Namibia has today (August 3) opened its borders to tourists from a selected list of international markets as it gears up for the reopening of the country’s borders later this year.
This trial period – which is due to end on September 17 – will help determine whether travellers from certain low-risk source markets can be considered for travel to Namibia once the borders officially open.
The trial period, which will focus on a small number of travellers from a select number of countries, is expected to red flag any potential risks ahead of the borders opening. Once these risks are flagged, Namibia can make a more informed decision, for example, about how to allow travellers into the country and when.
“Those international tourists, selected to travel to Namibia during the trial period, will be required to present a 72-hour negative Polymerase Chain Reaction (PCR) Test Result upon arrival,” said President Hage Geingob.
He added that tourists would not be subjected to a mandatory quarantine but must remain in their initial destination for a seven-day period, during which a COVID test would be conducted. Provided the results are negative, they may resume their travels.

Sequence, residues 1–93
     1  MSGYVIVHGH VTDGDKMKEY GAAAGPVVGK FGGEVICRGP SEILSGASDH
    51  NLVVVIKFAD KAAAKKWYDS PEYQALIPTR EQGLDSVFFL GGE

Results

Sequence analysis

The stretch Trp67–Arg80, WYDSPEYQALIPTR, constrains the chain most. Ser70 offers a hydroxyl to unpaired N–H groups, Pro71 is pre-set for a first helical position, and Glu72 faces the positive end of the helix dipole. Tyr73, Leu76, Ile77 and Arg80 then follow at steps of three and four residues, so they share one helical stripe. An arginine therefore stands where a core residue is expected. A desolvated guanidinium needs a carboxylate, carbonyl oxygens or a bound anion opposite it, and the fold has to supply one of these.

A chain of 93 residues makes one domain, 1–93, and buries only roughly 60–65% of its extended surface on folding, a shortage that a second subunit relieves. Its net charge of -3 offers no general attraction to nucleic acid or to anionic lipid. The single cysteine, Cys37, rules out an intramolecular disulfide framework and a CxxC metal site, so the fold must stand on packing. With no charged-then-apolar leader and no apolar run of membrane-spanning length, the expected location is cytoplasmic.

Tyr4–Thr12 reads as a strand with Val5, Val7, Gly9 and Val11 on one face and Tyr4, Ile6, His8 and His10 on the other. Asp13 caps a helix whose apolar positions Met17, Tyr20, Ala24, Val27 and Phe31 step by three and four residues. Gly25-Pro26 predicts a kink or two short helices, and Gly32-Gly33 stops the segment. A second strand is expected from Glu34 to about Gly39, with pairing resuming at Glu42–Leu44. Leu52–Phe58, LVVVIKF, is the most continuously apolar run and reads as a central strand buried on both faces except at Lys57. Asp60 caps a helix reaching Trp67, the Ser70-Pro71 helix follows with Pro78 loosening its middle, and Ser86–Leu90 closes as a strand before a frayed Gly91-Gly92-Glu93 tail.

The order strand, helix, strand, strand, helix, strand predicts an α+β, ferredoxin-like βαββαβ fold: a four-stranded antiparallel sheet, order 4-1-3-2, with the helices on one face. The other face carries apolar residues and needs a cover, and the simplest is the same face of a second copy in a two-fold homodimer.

Hosea Kutako International Airport in Windhoek is the only international airport currently operating.
During the State of the Nation Address last Friday (July 31), the President announced stage five (the lowest stage) of the country’s lockdown exit strategy, which focuses on opening points of entry and the resumption of air travel and is expected to be rolled out on September 18.
“The modalities have been carefully negotiated and agreed upon, so as to achieve the dual objective of stimulating our tourism sector and safeguarding public health. Continuous assessments will be conducted throughout this trial, which will inform and strengthen preparations for the imminent reopening of points of entry under stage five,” he said.